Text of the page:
Were the casings stuffed loose, firm, or very tight?
    Initially stuffed a little loose as i know they get tight after twisting. They seemed to be just right.

    Were your links twisted and closed or did you cut them and leave the ends open?
    Twisted.

    A lot of times, if the meat comes out the ends, it can be related to understuffing so there is little resistance against the edge of the casing and the casing shrinks to push the meat out, or if not understuffing, it can be related to air pockets in the sausage. Sometimes the links are not twisted well enough either, or maybe not twisted at all and the ends are cut and left open. One additional remedy besides getting them stuffed at the correct firmness and making sure twists and links are held together better, is to hold the meat overnight or a few hours in the fridge so it firms back up a little bit as it may be getting a little bit too warm during processing for it to link together well.

    If you are having some issues as well with the casing bursting and meat coming out that way, that is typically associated with cooking at too high of a heat, and may just require an even lower cooking temp. Or it could be a result of overstuffing and the casing can’t hold in the meat simply because there is too much in there.
    So mine are definitely bursting at high and low temps not coming out the ends. I have now tried poking needle holes in the casings and that seems to help. Only half of them burst.

    One final thought about poking holes in the casings, if you do that, you might cause a lot of juices (thus fat/flavor) to escape during cooking. We would necessarily recommend doing that, unless you had run out of other options.
    0_1478091311669_IMG_3993.JPG


  • Admin

    @BrianB Are you using a thermometer when you are cooking the sausages and pulling them off when they hit an internal temp of 160? Could be bursting even when the cooking temp is low, if you are getting them too hot.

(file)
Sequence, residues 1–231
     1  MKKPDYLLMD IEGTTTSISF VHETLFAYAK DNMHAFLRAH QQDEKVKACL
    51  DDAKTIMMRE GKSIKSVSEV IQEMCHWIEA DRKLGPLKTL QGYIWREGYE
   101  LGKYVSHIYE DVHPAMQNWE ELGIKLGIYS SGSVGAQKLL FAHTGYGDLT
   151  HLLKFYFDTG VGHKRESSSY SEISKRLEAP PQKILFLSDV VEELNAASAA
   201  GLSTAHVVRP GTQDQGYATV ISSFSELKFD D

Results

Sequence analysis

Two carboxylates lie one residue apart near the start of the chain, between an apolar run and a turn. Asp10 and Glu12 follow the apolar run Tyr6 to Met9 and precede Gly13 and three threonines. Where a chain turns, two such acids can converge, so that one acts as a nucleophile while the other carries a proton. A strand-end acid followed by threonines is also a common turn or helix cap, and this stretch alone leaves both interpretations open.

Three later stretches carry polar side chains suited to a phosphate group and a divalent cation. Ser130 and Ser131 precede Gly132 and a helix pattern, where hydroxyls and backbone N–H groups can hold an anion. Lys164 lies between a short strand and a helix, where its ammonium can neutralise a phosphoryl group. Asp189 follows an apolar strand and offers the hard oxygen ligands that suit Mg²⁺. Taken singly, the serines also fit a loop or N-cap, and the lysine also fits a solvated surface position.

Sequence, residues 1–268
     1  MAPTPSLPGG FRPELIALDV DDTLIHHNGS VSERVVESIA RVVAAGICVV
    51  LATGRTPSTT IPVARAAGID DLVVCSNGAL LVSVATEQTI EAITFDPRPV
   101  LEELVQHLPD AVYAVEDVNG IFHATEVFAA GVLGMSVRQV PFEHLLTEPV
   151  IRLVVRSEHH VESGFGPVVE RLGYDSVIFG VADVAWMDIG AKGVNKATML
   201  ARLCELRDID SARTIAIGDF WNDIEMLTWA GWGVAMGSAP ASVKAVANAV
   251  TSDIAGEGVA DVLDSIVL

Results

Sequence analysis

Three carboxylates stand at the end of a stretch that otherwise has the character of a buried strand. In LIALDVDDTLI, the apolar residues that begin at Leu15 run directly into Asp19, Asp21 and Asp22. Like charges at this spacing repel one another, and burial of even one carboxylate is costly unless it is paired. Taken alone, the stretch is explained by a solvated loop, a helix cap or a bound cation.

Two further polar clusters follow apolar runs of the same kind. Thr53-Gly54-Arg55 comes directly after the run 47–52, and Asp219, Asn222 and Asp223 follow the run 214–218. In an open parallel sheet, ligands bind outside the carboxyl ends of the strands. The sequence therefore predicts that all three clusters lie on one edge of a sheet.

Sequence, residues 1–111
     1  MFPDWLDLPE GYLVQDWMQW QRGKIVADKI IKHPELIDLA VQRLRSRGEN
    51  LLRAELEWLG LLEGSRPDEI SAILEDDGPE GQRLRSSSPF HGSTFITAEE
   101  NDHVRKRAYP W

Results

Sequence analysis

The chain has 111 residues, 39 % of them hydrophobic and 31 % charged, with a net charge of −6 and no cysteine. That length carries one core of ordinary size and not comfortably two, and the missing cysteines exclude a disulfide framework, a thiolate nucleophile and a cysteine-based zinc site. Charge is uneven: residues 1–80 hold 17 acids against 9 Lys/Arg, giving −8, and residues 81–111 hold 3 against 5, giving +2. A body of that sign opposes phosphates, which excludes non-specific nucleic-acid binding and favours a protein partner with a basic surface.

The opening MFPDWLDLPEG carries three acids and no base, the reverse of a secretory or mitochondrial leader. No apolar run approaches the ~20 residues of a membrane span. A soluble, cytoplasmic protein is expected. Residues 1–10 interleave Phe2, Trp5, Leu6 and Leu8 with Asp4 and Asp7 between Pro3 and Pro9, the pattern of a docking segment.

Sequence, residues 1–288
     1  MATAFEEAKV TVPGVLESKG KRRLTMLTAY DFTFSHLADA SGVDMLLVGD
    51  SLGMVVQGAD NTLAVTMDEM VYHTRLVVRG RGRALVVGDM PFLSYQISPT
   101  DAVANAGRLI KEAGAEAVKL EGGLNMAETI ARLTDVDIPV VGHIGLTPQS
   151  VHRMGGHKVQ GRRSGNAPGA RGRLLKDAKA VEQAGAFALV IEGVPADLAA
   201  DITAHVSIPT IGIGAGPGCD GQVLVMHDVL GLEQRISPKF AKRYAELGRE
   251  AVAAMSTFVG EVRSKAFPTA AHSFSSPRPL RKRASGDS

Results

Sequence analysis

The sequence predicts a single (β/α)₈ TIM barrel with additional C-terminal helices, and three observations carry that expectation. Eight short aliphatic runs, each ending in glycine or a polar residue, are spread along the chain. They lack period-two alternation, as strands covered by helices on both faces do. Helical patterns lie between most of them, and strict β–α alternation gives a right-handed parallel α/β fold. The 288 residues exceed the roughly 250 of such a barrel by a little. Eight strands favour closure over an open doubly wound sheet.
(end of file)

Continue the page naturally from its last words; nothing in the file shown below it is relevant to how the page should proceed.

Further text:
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  • @kking It wouldn’t necessarily hurt anything, the only real danger you would run into is getting some case hardening. That is where the outside cooks too quickly and will not pass heat into the center. So you get an overcooked outside and an undercooked inside. If you stick to your previous smoke schedule and get good protein extraction when mixing (should be sticky and stretch if you grab a handful) then you should be good!

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    @jonathon Sounds great. Thank you!

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  • @kking Gotcha! Okay, that changes things a little, if you added sure cure then the only other difference is the grinding and mixing. All of that is contained in the article I posted in my previous one, so if you ground and mixed as I did in that video that . I’m glad people are starting to try adding cure to traditionally fresh products, it’s a great way to experience new flavors!

    Since there was nothing bad growing in your meat (since you used sure cure) then I think the most likely thing would be either be some fat rendering out and essentially basting the casing in fat(which would have happened if you did not get enough protein extraction), or it might just have been a less than perfect batch of casings. They are natural casings and even though they are processed there is going to be some variability. You certainly can use natural hog casings to smoke sausage, people do it often, I just prefer collagen because I find it so much easier to work with and I like the snap of it better.

    The major downside to collagen is that it will not accept a twist as natural casings will.

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  • K

    @jonathon thanks for the help. However I did add sure cure to it when I mixed it and stuffed it. Is the issue I’m using the wrong casing? Do the natural casing not hold up to that slow cooking process. I guess I called them brats because I used brat seasoning.